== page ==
Sukhe sawan in English literally means dry rainy seasons. As the rains are associated with love and romance in the subcontinent, the dryness means the lack of it.
This story is of a woman who has recently bid goodbye to her daughter and the son-in-law. She wakes up familiarising herself with her body. She is a devout Muslim but with desires of her own. She wants to own it at one instant and is shamed by it on another.
She understands the need of a man in her life but she only recollects the good life she had with her husband. How he would make her laugh, tease and eroticise her. However, he is not hear anymore. She is thirsty for the love but it never rains. Or is she keeping herself from the pour.
‘What innocence! What naïveté!’ He’d said. ‘As if Father and Mother have no idea what we’re up to!’
There is a lot of symbolism in the story. I enjoyed reading this particular story for its unashamed ownership of female sexuality.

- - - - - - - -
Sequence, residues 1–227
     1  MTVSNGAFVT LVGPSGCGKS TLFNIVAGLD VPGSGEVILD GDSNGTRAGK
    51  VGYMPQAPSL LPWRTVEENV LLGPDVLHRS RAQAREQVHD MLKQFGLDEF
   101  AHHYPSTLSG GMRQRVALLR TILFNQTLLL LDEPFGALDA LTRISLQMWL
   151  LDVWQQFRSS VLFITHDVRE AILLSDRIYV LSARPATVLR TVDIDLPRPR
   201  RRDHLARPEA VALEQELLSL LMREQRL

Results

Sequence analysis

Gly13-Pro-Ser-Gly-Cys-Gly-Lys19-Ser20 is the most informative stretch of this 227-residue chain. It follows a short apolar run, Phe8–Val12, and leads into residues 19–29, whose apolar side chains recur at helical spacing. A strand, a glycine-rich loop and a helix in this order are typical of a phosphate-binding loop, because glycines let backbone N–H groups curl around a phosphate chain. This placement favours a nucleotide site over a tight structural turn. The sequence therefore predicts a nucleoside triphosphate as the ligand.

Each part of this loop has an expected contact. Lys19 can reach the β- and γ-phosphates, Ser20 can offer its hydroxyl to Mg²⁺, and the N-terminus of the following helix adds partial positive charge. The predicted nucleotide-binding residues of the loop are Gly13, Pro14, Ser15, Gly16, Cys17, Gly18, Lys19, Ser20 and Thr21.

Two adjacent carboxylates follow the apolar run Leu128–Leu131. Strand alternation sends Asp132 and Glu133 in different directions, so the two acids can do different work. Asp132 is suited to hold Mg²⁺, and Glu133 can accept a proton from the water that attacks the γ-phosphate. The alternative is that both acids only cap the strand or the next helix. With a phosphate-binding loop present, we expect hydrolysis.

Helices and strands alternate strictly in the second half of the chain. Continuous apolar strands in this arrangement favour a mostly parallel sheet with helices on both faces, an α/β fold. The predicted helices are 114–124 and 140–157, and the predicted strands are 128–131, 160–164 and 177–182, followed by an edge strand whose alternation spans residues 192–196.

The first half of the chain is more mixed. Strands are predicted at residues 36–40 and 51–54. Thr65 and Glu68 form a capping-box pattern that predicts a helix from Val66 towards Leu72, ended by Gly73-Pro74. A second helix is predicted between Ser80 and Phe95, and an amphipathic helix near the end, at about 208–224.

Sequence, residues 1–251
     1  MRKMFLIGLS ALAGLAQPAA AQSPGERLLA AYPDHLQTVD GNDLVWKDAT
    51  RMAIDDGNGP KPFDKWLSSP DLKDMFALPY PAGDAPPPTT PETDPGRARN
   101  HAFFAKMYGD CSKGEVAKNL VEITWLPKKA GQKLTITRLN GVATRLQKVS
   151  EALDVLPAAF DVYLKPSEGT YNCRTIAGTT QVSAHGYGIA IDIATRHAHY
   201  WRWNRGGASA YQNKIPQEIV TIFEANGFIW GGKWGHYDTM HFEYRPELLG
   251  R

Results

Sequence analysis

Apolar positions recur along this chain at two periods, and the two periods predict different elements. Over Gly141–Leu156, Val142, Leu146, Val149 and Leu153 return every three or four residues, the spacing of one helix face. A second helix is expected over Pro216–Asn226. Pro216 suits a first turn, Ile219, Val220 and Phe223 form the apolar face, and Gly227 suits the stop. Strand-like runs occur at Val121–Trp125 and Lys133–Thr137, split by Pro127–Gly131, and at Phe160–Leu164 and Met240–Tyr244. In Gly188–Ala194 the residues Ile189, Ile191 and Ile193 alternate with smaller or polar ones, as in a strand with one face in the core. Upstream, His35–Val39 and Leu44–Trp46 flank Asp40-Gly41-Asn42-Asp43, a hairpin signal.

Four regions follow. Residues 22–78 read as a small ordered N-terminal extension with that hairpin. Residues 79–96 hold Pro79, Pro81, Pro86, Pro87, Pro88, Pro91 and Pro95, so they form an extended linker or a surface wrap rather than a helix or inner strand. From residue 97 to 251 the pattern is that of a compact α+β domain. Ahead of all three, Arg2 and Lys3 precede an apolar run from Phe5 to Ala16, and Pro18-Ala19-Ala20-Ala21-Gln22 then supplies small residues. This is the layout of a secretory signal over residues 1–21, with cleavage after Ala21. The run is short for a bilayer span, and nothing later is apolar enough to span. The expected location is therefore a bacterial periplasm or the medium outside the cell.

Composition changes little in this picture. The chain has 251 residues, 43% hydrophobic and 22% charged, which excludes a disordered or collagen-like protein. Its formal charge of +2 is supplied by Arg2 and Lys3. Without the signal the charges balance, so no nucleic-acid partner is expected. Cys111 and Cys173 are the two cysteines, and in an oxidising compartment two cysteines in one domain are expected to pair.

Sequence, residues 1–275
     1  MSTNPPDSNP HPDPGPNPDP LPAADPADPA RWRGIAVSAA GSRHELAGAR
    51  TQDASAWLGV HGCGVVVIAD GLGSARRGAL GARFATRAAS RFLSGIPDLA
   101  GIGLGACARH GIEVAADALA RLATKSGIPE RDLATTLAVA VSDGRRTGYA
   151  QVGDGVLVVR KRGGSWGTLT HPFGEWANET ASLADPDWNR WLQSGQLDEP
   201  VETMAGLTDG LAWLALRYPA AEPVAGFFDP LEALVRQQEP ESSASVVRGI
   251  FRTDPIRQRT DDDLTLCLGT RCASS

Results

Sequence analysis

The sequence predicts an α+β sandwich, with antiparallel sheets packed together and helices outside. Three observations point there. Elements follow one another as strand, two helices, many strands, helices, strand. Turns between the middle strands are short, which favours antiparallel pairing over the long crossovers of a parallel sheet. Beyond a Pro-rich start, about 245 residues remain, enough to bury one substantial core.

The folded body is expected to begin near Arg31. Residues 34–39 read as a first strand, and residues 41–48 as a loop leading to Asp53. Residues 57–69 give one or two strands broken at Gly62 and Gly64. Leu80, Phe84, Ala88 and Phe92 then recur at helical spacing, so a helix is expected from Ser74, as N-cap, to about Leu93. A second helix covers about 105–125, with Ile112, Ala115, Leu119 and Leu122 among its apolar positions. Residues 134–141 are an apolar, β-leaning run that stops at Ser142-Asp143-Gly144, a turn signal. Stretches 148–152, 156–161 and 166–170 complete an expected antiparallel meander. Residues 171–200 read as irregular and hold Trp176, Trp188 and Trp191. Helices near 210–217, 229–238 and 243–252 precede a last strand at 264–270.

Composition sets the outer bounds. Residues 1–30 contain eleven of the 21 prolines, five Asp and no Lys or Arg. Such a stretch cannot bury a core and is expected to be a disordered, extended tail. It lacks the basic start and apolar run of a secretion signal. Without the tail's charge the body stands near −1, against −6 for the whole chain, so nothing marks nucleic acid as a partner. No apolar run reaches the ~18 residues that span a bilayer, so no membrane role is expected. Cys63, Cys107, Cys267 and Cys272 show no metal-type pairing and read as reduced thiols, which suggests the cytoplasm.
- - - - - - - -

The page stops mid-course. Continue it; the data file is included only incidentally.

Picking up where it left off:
This collection is turning out to be super amazing. Just a few more stories remaining till I finish it!
Join us in discovering new stories each day. Share stories that you would want us to read! Actually, read along with us!
Go ahead, grab yourself a copy of The Greatest Urdu Stories Ever Told and tell us what you think about the book! If you are a Kindle person, ensure to select the Kindle edition of the book.
Looking to buy a Kindle?
The frontlit, high-resolution Kindle Paperwhite seems to be the officially preferred Kindle at Meraki Post; Veena, Gazala and Ram have one each. And while Pooja may claim she is more of the “Love the new book smell” kind of person, she may be secretly deciding between the premium Kindle Oasis and the simple and efficient Good Ol’ Kindle.
Meraki Post is a participant in the Amazon Associates Program, an affiliate advertising program designed to provide a means for sites to earn advertising fees by advertising and linking to amazon.in. Learn more.